So, in a sense, during the chaotic transition we have to be like Jill Bolte-Taylor, and not loose our marbles. Her TED talk is so rich, so suggestive, that I really can’t say enough about it. It’s a paradigm in itself, a microcosm and a holon in its own right.
Of course, a lot of such competing “New Age” formations are either completely confused about themselves or are false fronts — no significant departure from the mode of being/mode of attention except in those deficient ways described by Seth — superstition, new ideologies, cultishness, narcissism or psychic inflation, and so on and so forth — more of the same only this time moreso. So, I do credit Mr. McGilchrist for his book and for providing an empirical framework for understanding the changes and the “chaotic transition” that can be related to Peter Pogany’s economic concerns and others. Whatever shortcomings The Master and his Emissary might have are adequately compensated for in the other integral or “apocalyptic thinkers” I’ve mentioned in The Chrysalis — Jean Gebser, Rosenstock-Huessy, and Thomas Berry chief amongst them. As mentioned in a recent comment, McGilchrist, Gebser, Rosenstock, and Berry have become my “Mark, Matthew, Luke, and John” for understanding the real potential and meaning of the “New Age” aborning.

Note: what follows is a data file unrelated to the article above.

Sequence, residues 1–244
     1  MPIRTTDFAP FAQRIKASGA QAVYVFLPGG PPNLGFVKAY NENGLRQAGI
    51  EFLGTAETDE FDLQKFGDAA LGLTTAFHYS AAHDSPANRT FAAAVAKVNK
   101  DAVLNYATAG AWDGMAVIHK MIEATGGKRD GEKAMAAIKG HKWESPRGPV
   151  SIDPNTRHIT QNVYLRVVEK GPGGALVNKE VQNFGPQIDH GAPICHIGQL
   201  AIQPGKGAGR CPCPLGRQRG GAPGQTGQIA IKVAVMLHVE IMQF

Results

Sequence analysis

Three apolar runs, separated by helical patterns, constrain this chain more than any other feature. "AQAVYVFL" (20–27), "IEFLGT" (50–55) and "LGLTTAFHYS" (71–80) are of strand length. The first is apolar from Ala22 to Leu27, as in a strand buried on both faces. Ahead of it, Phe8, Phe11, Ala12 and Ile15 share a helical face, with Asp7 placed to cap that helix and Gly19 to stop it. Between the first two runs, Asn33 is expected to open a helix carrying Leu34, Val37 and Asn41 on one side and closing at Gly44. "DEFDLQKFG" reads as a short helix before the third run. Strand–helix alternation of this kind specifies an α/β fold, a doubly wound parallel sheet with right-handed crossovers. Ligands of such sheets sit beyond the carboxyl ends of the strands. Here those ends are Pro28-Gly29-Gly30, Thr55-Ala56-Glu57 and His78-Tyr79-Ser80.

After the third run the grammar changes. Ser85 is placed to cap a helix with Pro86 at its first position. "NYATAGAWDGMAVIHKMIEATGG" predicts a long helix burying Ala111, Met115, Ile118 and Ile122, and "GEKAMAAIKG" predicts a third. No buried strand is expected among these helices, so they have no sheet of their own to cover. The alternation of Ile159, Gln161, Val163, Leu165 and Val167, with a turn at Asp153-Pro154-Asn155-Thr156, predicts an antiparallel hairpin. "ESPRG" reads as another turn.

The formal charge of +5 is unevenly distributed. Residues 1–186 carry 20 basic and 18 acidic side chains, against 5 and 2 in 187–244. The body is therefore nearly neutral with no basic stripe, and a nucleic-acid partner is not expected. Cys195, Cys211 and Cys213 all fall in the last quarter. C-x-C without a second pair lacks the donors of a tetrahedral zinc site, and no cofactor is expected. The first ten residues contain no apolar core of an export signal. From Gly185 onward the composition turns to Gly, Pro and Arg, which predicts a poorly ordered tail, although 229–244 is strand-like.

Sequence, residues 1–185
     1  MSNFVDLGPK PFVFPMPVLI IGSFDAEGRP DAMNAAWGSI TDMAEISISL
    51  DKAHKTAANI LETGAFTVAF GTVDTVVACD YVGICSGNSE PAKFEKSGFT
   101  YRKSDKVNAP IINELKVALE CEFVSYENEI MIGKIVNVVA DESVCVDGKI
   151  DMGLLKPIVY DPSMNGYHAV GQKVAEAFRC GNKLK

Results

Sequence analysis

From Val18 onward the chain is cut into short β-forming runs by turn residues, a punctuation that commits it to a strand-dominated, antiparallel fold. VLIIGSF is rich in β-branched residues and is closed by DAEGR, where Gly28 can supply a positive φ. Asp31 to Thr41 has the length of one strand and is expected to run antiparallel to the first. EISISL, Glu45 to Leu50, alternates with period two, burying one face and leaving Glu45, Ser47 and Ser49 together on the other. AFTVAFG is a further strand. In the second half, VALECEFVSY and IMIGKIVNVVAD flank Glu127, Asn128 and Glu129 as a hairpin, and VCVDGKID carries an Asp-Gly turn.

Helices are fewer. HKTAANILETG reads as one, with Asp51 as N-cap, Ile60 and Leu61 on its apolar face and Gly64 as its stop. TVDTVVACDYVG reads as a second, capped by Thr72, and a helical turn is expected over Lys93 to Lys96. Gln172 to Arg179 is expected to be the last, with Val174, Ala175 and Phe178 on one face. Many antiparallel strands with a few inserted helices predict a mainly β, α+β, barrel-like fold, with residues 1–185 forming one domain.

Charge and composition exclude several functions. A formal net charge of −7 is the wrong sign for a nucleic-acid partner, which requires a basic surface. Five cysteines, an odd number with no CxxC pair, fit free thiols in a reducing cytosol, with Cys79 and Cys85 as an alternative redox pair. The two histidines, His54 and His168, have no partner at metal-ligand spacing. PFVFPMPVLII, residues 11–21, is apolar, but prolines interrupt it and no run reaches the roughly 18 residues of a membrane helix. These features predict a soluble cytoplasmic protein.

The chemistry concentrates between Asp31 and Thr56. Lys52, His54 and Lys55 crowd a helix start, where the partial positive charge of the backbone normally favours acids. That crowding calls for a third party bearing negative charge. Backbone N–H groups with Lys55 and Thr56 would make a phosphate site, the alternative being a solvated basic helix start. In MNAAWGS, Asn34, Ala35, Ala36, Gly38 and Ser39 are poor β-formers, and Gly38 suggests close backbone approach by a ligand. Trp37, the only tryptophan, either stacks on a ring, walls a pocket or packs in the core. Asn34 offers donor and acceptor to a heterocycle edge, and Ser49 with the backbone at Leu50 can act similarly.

And, of course, William Blake, whose prophet voice and the meaning of that voice they all help illuminate.
This shift or “mutation” in the mode of being/mode of attention is already happening, of course. The “anomalous”. The discovery of very surprising relationships between things that were never hitherto perceived or were overlooked. Those relationships could not have been perceived at all within the focus and parameters of the older structure of consciousness and its mode of attention/mode of being. We might take heart in don Juan’s words to Castaneda, that knowledge comes to the seeker “bit by bit at first then in big chunks”. But don Juan’s assurance to Castaneda also comes with a caveat, and I reproduce the quote below in its full context,
When a man starts to learn, he is never clear about his objectives. His purpose is faulty; his intent is vague. He hopes for rewards that will never materialize for he knows nothing of the hardships of learning.
He slowly begins to learn–bit by bit at first, then in big chunks. And his thoughts soon clash. What he learns is never what he pictured, or imagined, and so he begins to be afraid. Learning is never what one expects. Every step of learning is a new task, and the fear the man is experiencing begins to mount mercilessly, unyieldingly. His purpose becomes a battlefield.
And thus he has stumbled upon the first of his natural enemies: fear! A terrible enemy–treacherous, and difficult to overcome. It remains concealed at every turn of the way, prowling, waiting. And if the man, terrified in its presence, runs away, his enemy will have put an end to his quest and he will never learn. He will never become a man of knowledge. He will perhaps be a bully, or a harmless, scared man; at any rate, he will be a defeated man. His first enemy will have put an end to his cravings.
Life lessons from don Juan for the “chaotic transition”.